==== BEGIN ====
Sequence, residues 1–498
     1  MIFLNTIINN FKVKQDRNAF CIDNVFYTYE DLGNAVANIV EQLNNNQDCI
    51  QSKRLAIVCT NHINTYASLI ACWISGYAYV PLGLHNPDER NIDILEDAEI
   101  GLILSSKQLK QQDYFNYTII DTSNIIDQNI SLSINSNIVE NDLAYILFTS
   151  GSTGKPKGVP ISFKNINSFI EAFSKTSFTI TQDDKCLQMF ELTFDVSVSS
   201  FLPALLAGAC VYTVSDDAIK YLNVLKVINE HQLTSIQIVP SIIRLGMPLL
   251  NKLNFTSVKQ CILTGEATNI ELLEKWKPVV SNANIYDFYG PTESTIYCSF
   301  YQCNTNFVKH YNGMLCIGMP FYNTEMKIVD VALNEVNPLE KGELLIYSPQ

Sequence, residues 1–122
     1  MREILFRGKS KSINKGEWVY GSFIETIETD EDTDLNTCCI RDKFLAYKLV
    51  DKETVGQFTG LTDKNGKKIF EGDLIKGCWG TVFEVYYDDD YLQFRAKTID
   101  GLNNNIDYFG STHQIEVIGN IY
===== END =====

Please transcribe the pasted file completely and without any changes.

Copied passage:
Sequence, residues 1–498
     1  MIFLNTIINN FKVKQDRNAF CIDNVFYTYE DLGNAVANIV EQLNNNQDCI
    51  QSKRLAIVCT NHINTYASLI ACWISGYAYV PLGLHNPDER NIDILEDAEI
   101  GLILSSKQLK QQDYFNYTII DTSNIIDQNI SLSINSNIVE NDLAYILFTS
   151  GSTGKPKGVP ISFKNINSFI EAFSKTSFTI TQDDKCLQMF ELTFDVSVSS
   201  FLPALLAGAC VYTVSDDAIK YLNVLKVINE HQLTSIQIVP SIIRLGMPLL
   251  NKLNFTSVKQ CILTGEATNI ELLEKWKPVV SNANIYDFYG PTESTIYCSF
   301  YQCNTNFVKH YNGMLCIGMP FYNTEMKIVD VALNEVNPLE KGELLIYSPQ

Sequence, residues 1–122
     1  MREILFRGKS KSINKGEWVY GSFIETIETD EDTDLNTCCI RDKFLAYKLV
    51  DKETVGQFTG LTDKNGKKIF EGDLIKGCWG TVFEVYYDDD YLQFRAKTID
   101  GLNNNIDYFG STHQIEVIGN IY